No doubt on the basis of that or similar information, Air Chief Marshal Sir Patrick Hine, the commander in chief of United Kingdom air forces and joint commander of the British forces, stated that by the end of October —I have no reason to think that he has changed his mind since—the refinement of crude oil into aviation fuel and lubricants for tanks and other vehicles was already becoming more of a problem for Saddam Hussein. He said: If we can enforce the embargo more effectively life must get more difficult for him. The air chief marshal summed up: We have obviously got to give several months or longer for sanctions to work. We are pinning our faith on sanctions. There is evidence they are starting to bite. That is clearly an important view. Equally clearly, I would be the first to insist that judgments on policy must be the responsibility not of service officers, however senior or distinguished, but of elected politicians. The House should take that evidence into account. Because sanctions have not yet succeeded does not mean that they are bound to fail.

The House should take into account, too, that the date of 15 January, inserted into resolution 678, is, as the Foreign Secretary explained when the resolution was going through the Security Council, not … the date upon which military action starts but It is the date after which member states will be authorised to take action in pursuit not of their own objectives but of the specific requirements of the Security Council".—[Official Report, 28 November 1990; Vol. 181, col. 869–70.] That interpretation was endorsed a week ago when President Bush stated: January 15 is not a date certain for the onset of armed conflict. It was reinforced yesterday by General Brent Scowcroft, President Bush's national security adviser, who said: Every day we're closer to Saddam Hussein's deadline. We don't have one, but he has one. It was with those considerations in mind that I told the House in our debate five weeks ago on 11 December: Stipulation of the date does not necessarily trigger the use of force on or immediately after that date. We in the Labour party repeat our position that the option of force should be invoked only after the maximum time has been given for sanctions to work". I continued: We should not be hemmed in by the date of 15 January. We should not be boxed in by the compulsion of the desert timetable and the effects of the weather on the ability to wage war. If a longer haul is judged likely to achieve the effect of sanctions, we should not rely on other considerations to reject the longer haul."—[Official Report, 11 December 1990; Vol. 182, c. 837.] That has been our position from the start and it remains our position today. We still hope that it will prevail.

We appreciate that as an Opposition we can warn, advise and recommend, but not decide. The prerogative of decision lies with the Government. Therefore, the question arises as to what the Labour party's attitude should be if the Government's decision is contrary to what we recommend and early use of force is decided on. Here, my judgment is very much affected by what has become of the position the Government held at the outset of the crisis.

I have reminded the House tonight that in the first of our debates on the subject on 7 September 1990 I insisted that if there was to be an option of force standing behind sanctions and diplomacy, it should have what I called, the clear and unquestionable authority of the United Nations. I said: We believe that any further operations found necessary … should … be clearly and unequivocally authorised by the United Nations. Much of that debate in September was dominated by discussion of whether article 51 of the United Nations charter was sufficient authority for the use of military force against Iraq. I said: It is not enough to be able to argue a technical case under article 51"—[Official Report, 7 September 1990; Vol. 177, c. 892.] That was not the Government's position at that time. The right hon. Member for Finchley (Mrs. Thatcher), opening the debate as Prime Minister, spent a large proportion of her speech advancing a view quite contrary to the view of the Labour party's spokesmen. She spoke of what she called the right of individual or collective self-defence under article 51, which she claimed was affirmed in resolution 661. She said: To undertake now to use no military force without the further authority of the Security Council would be to deprive ourselves of a right in international law expressly affirmed by Security Council resolution 661. She continued: I have full legal authority for everything that I say on these matters, and for those reasons I am not willing to limit our legitimate freedom of action … My views have been approved by the topmost legal opinions that we can get." —[Official Report, 6 September 1990; Vol. 177, c. 737–38.] If that had continued to be the Government's policy, I might have been in considerable difficulty tonight when contemplating my attitude to the use of force should the Government decide, as I hope they will not, to go ahead with force earlier rather than later, if at all. But what the right hon. Member for Finchley stated as the Government's policy on 6 September is no longer Government policy. That policy was abandoned in the most explicit terms on 9 November when, after talks with Mr. James Baker, the United States Secretary of State, the right hon. Lady came to Downing street as was her wont in those days and announced that she had given her approval for the United States to seek a United Nations resolution authorising military action in the Gulf.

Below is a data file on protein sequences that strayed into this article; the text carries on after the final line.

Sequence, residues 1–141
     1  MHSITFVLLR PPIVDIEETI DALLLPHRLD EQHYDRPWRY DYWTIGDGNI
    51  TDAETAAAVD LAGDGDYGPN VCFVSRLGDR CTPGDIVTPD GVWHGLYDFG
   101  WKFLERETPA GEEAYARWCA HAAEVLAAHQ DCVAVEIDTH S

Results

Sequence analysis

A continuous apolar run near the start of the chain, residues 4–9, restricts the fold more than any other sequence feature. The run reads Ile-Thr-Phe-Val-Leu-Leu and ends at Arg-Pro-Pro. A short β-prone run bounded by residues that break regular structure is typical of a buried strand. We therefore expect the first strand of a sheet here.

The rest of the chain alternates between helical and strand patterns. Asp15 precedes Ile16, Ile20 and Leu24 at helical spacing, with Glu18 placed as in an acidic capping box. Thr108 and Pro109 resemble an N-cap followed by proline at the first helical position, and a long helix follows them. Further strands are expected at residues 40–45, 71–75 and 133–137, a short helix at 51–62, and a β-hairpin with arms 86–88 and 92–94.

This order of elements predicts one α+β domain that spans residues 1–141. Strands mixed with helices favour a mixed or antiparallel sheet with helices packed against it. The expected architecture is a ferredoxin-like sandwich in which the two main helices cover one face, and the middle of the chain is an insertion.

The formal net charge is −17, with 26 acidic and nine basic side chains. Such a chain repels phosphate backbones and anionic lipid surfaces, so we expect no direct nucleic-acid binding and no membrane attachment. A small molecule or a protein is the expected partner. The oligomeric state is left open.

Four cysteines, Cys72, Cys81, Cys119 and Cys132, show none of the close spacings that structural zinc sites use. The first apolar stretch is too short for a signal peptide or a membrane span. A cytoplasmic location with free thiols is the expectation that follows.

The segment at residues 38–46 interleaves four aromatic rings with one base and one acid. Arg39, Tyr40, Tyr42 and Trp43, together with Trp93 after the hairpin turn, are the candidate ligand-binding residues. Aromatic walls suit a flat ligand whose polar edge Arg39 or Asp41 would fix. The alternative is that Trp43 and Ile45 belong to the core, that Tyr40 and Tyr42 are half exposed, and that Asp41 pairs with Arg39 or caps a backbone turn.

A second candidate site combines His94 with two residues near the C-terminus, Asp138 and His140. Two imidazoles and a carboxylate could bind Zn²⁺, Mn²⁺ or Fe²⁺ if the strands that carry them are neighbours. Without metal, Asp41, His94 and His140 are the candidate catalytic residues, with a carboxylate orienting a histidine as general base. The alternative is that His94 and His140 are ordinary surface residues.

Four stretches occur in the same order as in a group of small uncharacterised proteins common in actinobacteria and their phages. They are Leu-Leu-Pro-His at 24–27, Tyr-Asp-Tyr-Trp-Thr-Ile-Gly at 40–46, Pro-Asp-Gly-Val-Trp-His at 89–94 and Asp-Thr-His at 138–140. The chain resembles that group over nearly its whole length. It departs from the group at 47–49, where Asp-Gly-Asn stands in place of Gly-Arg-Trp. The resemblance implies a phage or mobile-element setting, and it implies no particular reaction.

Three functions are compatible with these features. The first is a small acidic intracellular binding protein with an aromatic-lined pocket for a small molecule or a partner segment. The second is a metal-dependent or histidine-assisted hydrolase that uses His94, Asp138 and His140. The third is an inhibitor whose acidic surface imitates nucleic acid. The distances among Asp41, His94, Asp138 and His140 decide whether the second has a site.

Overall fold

The then Prime Minister could not have been more open about this change of policy. She declared: We do not believe one"— that is, a resolution— is necessary for legal reasons. We already have the legal authority. The only question is how best to keep this coalition of opinion together and that, of course, we consider. The Government changed their mind and I am glad that they did. They supported the Security Council resolution when previously they had rejected such a resolution. That resolution went through on 29 November. It is a resolution for which the Labour party pressed and on which we insisted. We are very glad that the Government came round to our way of thinking.

We ardently believe that the option in resolution 678 ought not to be taken up until sanctions have been given a better and further chance, but if that view is rejected we have to be consistent. We must accept that such action will have been taken in accordance with a resolution for which we pressed long and hard, a resolution which is now United Nations policy embodied in that resolution.

That is why I remind the House of our long-stated view that sanctions should be persisted with over the longer haul—[HON. MEMBERS: "For how long?"] Neither the United States when it drafted the resolution nor the United Kingdom Government when they supported it wanted a deadline at all. It was inserted at the insistence of the Soviet Union. The United Nations, having slipped into the error of one deadline, ought not to slip into the error of another.